If I was getting really nitpicky I’d replace all the pots and electronics. But you know what? I’m not nitpicky. There’s nothing wrong with them, but they’re not top of the line. (Which you’ll rarely find on sub-$1000 guitars anyway.)

So, the answer is: nothing. This guitar does not need any upgrades.

Mitchell MS450 photo gallery

Final Thoughts on the Mitchell MS450

This is, by far, the best guitar you can buy in this price range.

If you insist on a Strat style body with a tremolo then okay, get my 2nd favorite the Yamaha Pacifica PAC112V. But barring that? The MS450 is the best cheap guitar under $300. This might even be the best guitar under $500 (although don’t hold me to that just yet).

Overall: 9.2/10. You won’t regret buying this guitar.

Do you own a Mitchell MS450? Let me know what you think about it via email or the comments below.

22 thoughts on “Mitchell MS450 Modern guitar review – The best electric guitar under $300 (seriously!)”

    1. Hi Fred! I’d go with the Mitchell. Beyond the fact that it’s my favorite cheap guitar it doesn’t have a whammy bar / tremolo system (the bar that allows you to “shake” your notes) so it’s a little easier to maintain for a beginner. Some beginners really want it and that’s fine too. Congrats on getting started with a fun new hobby!

    2. I bought one used at Guitar Center a couple months ago for $200, and I have not yet found one mark or blemish on it, for for all intents and purposes, it’s new. I have the same thoughts about it as you do, except that I predict a future fret replacement, if nothing else. Maybe they can be dressed a little for now, but they seem to be made of soft, cheap material, and I can see nice, stainless steel ones going in sometime in the future. I’m still getting used to the output jack location, even though it makes sense. The one in mine is already a little wonky, but that’s an easy, cheap replacement using one of those new Pure Tone full-contact jacks. I am also tempted to add a middle pickup someday.

      1. Hey Ken! Thanks for sharing your experience. The frets will last for years, but of course refretting with stainless steel will make them last a lifetime. I hear you about the output jack. Mine is still fine but I can see needing to replace it at some point. (To anyone reading: output jack replacement is the easiest upgrade you can do that requires soldering.)

    3. I don’t know why you insist on calling this guitar for a beginner. I’ve been playing guitar since 1975. I bought two of these MS400’s (the previous LP cutaway. I loved them. They sounded great, loved the cutaway part of the body making it more comfortable to play. the thinner body because I’m almost 70 and a regular LP is too heavy. Locking tuners plus single/double humbucker pickup knobs. This is a well made guitar even if it cost $1000. I plan on buying another one.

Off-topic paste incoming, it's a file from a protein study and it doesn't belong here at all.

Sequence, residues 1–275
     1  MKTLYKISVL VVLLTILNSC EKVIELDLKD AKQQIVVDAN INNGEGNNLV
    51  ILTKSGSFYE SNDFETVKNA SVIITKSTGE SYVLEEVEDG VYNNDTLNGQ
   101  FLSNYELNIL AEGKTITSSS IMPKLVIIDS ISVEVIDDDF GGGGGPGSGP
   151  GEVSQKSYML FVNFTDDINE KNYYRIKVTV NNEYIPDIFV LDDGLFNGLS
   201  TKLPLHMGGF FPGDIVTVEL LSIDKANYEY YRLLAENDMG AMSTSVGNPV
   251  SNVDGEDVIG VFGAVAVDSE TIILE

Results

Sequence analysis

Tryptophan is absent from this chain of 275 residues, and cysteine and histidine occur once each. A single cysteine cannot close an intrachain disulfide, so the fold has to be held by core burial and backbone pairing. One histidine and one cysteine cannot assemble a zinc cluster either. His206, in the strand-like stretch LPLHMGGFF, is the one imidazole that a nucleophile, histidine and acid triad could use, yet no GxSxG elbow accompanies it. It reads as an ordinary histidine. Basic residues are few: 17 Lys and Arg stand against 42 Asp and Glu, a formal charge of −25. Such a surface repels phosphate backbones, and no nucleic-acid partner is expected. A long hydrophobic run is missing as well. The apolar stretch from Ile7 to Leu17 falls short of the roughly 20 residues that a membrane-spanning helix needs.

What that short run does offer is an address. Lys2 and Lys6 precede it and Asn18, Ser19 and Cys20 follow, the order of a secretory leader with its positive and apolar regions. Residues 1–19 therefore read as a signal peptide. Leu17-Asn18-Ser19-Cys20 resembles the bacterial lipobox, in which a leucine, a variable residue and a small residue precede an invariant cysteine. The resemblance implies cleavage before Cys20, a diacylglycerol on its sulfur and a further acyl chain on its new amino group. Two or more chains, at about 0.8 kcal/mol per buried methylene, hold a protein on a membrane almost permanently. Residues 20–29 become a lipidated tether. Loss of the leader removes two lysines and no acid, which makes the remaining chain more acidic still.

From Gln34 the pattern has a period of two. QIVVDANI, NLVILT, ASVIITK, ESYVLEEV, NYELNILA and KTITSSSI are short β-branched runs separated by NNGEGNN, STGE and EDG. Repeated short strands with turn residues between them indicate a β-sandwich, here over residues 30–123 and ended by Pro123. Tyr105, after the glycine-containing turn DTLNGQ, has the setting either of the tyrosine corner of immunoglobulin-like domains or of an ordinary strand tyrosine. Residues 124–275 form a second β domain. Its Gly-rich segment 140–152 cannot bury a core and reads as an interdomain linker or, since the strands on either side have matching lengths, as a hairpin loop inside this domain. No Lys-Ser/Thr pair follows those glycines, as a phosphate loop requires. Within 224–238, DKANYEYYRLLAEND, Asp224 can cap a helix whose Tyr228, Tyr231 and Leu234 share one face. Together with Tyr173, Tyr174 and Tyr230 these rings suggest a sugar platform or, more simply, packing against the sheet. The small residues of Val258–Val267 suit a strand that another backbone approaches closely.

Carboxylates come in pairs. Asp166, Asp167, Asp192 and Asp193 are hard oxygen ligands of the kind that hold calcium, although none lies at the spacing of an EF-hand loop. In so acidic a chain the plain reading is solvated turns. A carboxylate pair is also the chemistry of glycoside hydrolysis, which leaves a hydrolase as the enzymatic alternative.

1. I bought one because it was on sale, I didn’t have a LP type, and my lady loved the purple one. My number 1 is a Fender lone star strat, also have a Gibson SGJ I scored used, a Japanese Jackson Kelly, and an EVH Wolfgang. I really enjoy playing the Mitchell and it is quickly becoming a favorite.

  2. Just purchase this guitar last Friday. It was between this and a Sterling SUB Axis.
    Played both in the store thru the same amp to compare tone. The sterling highs were slightly brighter but the MS450 tone is amazing. The sterling has a 5 tone selector switch but lacked a volume control for each pick up. The sterling has a vibrator bar which the MS 450 lacked. Overall the difference in tone was minimal. Decided to go with the MS 450 due to be better neck finish and materials. Also it was $180 cheaper. Have it home now and it is a great guitar. Love the tone and the playability. Very happy with my selection. I also own a Fender American Strat 2001.

    1. Nice. Thanks for sharing, Bob! Those Sterling Axis guitars look cool but I’ve never owned one, only played in store. I need to review one of them eventually. Anyway, happy you’re happy with the Mitchell. Thanks again!

    1. Thanks for asking. Do you like the way the JB sounds? These are admittedly not the best pickups (even though I like them just fine) so the JB may be an improvement for you, but it depends. I know that’s kind of a non-answer, but tone is really subjective. But if you love JBs then I don’t see why you won’t love them in this guitar.